her own kitchen was a dream come true.
Hanneh Hayyeh ran in to h er husband, a stoop-shouldered, care-crushed
man who was leaning against the bed, his swollen feet outstretched, counting the pennies th at totaled his day’s earnings.
“Jake Safransky!” she cried exci tedly, “you got to come in and give a look
on my painting befo re you go to sleep .”2
“Oi, let me alone. Give me only a res t.”
Too in toxicated with th e joy of achievement to take no fo r an an swer, she
dragged him into the doorway. ” 1u ?3 How do yo u like it? Do I kn ow what
bea utiful is?”
“But h ow much money did you sp end o ut on th at paint?”
“It was my own money,” sh e said , wiping th e perspiration off her face
with a corner of h er apron . “Every penny I earn ed myself fro m the extra
washing. ”
“But yo u had ou ght save it up fo r th e bad times. W hat’ll yo u do wh en the
cold weather starts in and the push cart will n ot wheel itself out?”
“I save and pinch enough for myself. T his I done in h on or for my son. I
want m y Aby to lift up his h ead in the world . I want him to be able to invite
even the President from America to his home and shame himself.”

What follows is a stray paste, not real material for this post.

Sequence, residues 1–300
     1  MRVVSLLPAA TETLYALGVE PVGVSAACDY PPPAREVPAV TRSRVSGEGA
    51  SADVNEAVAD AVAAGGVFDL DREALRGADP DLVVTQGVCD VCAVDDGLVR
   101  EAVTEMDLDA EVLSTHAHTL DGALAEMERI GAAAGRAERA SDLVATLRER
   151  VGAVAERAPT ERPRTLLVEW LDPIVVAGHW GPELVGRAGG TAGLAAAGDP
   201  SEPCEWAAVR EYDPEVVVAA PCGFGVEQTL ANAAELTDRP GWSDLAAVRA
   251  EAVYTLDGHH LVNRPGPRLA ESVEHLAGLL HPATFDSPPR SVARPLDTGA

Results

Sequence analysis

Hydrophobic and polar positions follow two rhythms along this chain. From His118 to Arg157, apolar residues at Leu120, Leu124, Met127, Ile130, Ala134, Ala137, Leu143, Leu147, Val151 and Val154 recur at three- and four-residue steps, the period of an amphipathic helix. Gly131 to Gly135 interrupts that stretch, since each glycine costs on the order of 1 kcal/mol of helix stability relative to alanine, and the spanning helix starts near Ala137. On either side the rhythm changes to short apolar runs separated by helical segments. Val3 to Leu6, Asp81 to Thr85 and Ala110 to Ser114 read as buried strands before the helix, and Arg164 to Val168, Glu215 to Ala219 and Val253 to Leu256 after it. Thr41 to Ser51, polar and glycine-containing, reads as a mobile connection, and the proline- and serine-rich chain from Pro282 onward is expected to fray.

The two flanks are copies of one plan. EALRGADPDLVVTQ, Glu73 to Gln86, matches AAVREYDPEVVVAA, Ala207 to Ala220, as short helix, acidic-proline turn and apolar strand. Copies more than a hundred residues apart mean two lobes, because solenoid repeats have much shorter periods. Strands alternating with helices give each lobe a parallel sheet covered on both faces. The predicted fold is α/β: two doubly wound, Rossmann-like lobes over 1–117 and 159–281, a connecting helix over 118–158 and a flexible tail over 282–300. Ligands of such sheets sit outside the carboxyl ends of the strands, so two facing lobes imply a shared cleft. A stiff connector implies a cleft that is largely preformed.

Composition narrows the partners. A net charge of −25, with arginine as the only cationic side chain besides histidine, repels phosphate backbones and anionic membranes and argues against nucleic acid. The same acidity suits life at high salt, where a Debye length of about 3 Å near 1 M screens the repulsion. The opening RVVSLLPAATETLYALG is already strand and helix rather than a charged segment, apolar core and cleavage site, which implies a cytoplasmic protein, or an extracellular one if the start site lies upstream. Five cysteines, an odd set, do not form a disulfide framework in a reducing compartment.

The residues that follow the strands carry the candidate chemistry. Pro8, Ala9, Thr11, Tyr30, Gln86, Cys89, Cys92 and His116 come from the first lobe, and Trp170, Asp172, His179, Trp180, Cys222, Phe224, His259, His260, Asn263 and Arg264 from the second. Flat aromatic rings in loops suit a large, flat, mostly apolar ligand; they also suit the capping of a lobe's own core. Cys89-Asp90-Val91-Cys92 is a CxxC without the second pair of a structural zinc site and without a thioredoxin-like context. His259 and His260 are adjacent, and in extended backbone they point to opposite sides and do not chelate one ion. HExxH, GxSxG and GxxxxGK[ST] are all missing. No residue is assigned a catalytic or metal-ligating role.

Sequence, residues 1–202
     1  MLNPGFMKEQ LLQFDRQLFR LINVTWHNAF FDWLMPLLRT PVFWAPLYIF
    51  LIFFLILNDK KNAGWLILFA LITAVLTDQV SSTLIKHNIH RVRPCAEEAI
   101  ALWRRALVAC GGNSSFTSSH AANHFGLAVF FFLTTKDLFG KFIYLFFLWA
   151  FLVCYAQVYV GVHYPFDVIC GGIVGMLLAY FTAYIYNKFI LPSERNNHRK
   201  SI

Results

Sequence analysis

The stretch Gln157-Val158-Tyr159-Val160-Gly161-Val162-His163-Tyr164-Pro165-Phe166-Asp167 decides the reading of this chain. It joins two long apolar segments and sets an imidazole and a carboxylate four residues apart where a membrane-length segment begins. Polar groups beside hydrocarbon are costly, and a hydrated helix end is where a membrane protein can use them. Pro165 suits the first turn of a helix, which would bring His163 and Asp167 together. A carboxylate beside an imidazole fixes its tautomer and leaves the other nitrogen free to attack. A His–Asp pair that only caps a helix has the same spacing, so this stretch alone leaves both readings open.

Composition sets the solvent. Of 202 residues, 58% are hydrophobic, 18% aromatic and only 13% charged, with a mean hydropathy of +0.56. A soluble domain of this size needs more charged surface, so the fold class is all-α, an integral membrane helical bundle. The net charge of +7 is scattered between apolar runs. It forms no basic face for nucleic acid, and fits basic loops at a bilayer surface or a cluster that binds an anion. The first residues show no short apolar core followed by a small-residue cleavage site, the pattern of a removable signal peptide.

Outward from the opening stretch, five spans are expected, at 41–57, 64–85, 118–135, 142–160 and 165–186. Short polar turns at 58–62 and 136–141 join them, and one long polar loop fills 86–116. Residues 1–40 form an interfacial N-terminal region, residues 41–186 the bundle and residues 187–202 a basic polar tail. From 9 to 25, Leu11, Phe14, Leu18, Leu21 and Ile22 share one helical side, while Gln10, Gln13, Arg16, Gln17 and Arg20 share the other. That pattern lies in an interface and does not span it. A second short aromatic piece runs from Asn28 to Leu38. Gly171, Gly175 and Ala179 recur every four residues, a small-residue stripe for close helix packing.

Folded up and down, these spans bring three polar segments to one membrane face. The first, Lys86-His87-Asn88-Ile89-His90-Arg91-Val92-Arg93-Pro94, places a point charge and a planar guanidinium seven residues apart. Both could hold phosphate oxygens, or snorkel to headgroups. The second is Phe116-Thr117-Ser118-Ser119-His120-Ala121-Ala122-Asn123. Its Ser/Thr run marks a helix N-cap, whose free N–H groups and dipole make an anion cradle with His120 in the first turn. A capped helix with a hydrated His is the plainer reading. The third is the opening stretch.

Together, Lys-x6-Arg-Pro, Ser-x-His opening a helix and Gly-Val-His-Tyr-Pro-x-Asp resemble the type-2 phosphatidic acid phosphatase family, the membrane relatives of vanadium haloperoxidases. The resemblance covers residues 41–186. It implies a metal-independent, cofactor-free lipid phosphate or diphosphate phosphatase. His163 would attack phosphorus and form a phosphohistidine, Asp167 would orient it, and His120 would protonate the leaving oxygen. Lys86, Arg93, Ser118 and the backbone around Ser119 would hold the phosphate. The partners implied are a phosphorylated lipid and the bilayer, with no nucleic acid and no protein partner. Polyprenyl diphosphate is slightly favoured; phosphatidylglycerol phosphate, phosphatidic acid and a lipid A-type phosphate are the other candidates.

“You’d pull the bananas off a blind man ‘s pushcart to bring to your Aby.
You know nothing from holding tight to a dollar and savin g a penny to a
penny like poor p eople should.”
“What do I got from living if I can ‘t have a little beautifulness in my life ?
I don’t allow fo r myself the ten cents to go to a moving picture that I’m crazy
to see. I n ever yet treated myself to an ice-cream soda even for a h oliday.
Shining up the hou se for Aby is my only pleasure. ”
“Yah , but it ain’t your h ou se. It’s the landlord’s.”
1. O h, woe (Yiddish , litera l tra ns .); a lso used to
express inte nse feelin g, as in this case. Yiddish ,
originally a vernacular German dialect, was the
language of the Euro-Jewish Diaspora. It is written with the H ebrew alphabet and incorporates
some Hebrew expressions